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Jewish World Review June 26, 2002 / 16 Tamuz, 5762

Andy Rooney

Andy Rooney
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Plenty is in a name | A lot of people have names I'd rather have than my own. I don't dislike Andy Rooney; it's just that I can think of better names. Mickey Rooney's real name is Joe Yule Jr. He probably wouldn't mind if I used that. How would that sound, though, "A Few Minutes with Joe Yule Jr." I guess not.

I'd like a name that sounds more important. My name is Andrew, of course, and I prefer that to Andy, but only three people call me Andrew. You don't get to decide whether you're important or not. I don't fight Andy.

I don't know how some people get to be called by a nickname, while others keep their whole first name. You wouldn't call Walter Cronkite "Walt," but, on the other hand, you wouldn't call the cartoon tycoon "Walter Disney." You wouldn't call Peter Jennings "Pete," but no one ever calls Tom Brokaw "Thomas," or Dan Rather "Daniel."

One of the good nicknames is Cokie Roberts. Cokie needed one, too, because her real name is Mary Martha Corinne Morrison Claiborne Boggs Roberts.

During World War II, I knew both Ernest Hemingway and Ernie Pyle. No one ever called Pyle "Ernest" and no one ever called Hemingway "Ernie."

A lot of people trying to be friendly, like politicians or preachers, insist on being called by their nickname, as if it made them more likeable and accessible: William Jefferson Clinton is just plain Bill. Look at Billy Graham, Jimmy Carter, Dick Cheney. Some people tried to pin the name "Dubya" on President George W. Bush.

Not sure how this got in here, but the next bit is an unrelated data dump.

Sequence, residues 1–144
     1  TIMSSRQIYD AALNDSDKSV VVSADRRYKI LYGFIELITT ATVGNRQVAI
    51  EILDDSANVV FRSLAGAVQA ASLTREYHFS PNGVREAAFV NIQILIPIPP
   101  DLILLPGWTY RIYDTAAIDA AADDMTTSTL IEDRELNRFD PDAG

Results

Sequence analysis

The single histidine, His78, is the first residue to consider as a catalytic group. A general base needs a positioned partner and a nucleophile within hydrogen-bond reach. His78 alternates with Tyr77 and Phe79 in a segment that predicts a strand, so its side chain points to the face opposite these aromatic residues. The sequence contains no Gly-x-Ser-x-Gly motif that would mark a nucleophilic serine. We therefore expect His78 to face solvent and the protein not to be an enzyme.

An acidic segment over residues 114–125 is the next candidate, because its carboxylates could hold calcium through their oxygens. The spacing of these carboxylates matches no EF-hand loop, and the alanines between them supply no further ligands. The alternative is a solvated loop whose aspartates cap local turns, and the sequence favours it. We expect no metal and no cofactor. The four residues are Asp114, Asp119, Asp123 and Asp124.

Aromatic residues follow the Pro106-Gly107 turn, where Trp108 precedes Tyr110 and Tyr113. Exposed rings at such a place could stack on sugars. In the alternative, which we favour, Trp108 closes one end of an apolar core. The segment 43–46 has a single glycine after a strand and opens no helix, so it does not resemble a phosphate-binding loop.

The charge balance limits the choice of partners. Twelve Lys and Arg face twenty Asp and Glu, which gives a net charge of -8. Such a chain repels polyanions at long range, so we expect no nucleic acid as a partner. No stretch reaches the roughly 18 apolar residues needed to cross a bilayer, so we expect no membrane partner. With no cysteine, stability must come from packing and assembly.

A really important-sounding name is one that starts with just an initial, like "H. Ross" Perot. I doubt if the other kids called him "H. Ross" when he was young. If you have as much money as he has, you can be called anything you want. There was J. Edgar Hoover, F. Lee Bailey, J. Paul Getty and F. Scott Fitzgerald.

Some people prefer to be called by just one name -- Cher, Sting, Madonna and Imus, for example. There are more people who've insisted on being called by three names: Frank Lloyd Wright, Sarah Jessica Parker, Andrew Lloyd Webber, William Randolph Hearst, Margaret Bourke-White, Clare Booth Luce, John Cameron Swayze, Martin Luther King, George Bernard Shaw, Mary Baker Eddy, John Philip Sousa, Snoop Doggy Dogg, John Wilkes Booth. I'm just getting started.

There have been well-known people who always included their middle initial in their name: Louis B. Mayer, John D. Rockefeller, Edward R. Murrow, Edward G. Robinson.

About the same number always preferred using just their initials: W.C. Fields, P.J. O'Rourk, H.G. Wells, H.L. Mencken, T.S. Eliot, J.D. Salinger.

People who are called by silly nicknames must like it or they'd put a stop to it. I'm thinking now of "Tipper Gore," "Whoopi Goldberg."

It would be strange to have a last name that was a noun: "Doris Day," "Billy Crystal," "Johnny Cash," "Ringo Starr," or even "Bob Hope." I guess you'd get used to it, but names of things and names of people shouldn't be interchangeable .

I have some favorite names. Vanessa Redgrave…that's a classy name. Harry Belafonte has a swing to it. David Letterman couldn't be anything else. Dustin Hoffman, Marlon Brando, Alan Alda, Faye Dunaway, Susan Sarandon, Katharine Hepburn, Yo Yo Ma - all great names.

On the other hand, I'd rather be Andy Rooney than Arnold Schwarzenegger, Roman Polanski or Engelbert Humperdinck.

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